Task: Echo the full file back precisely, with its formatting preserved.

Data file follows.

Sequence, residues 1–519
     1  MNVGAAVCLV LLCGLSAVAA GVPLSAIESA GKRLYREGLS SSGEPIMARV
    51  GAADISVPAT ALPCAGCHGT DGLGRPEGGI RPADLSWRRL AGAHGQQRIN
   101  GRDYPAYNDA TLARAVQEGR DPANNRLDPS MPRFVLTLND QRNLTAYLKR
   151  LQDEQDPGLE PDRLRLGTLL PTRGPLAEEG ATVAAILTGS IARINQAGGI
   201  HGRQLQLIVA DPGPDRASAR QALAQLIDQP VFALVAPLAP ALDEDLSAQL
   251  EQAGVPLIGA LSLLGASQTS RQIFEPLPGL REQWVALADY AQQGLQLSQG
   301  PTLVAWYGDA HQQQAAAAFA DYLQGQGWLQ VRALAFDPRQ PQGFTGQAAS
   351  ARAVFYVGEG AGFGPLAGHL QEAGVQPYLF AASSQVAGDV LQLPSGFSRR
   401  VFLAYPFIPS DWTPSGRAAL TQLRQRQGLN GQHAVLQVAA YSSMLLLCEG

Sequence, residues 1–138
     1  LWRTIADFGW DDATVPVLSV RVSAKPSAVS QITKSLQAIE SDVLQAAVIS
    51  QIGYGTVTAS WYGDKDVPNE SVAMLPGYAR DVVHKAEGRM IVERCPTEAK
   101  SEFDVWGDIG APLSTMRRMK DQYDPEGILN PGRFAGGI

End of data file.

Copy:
Sequence, residues 1–519
     1  MNVGAAVCLV LLCGLSAVAA GVPLSAIESA GKRLYREGLS SSGEPIMARV
    51  GAADISVPAT ALPCAGCHGT DGLGRPEGGI RPADLSWRRL AGAHGQQRIN
   101  GRDYPAYNDA TLARAVQEGR DPANNRLDPS MPRFVLTLND QRNLTAYLKR
   151  LQDEQDPGLE PDRLRLGTLL PTRGPLAEEG ATVAAILTGS IARINQAGGI
   201  HGRQLQLIVA DPGPDRASAR QALAQLIDQP VFALVAPLAP ALDEDLSAQL
   251  EQAGVPLIGA LSLLGASQTS RQIFEPLPGL REQWVALADY AQQGLQLSQG
   301  PTLVAWYGDA HQQQAAAAFA DYLQGQGWLQ VRALAFDPRQ PQGFTGQAAS
   351  ARAVFYVGEG AGFGPLAGHL QEAGVQPYLF AASSQVAGDV LQLPSGFSRR
   401  VFLAYPFIPS DWTPSGRAAL TQLRQRQGLN GQHAVLQVAA YSSMLLLCEG

Sequence, residues 1–138
     1  LWRTIADFGW DDATVPVLSV RVSAKPSAVS QITKSLQAIE SDVLQAAVIS
    51  QIGYGTVTAS WYGDKDVPNE SVAMLPGYAR DVVHKAEGRM IVERCPTEAK
   101  SEFDVWGDIG APLSTMRRMK DQYDPEGILN PGRFAGGI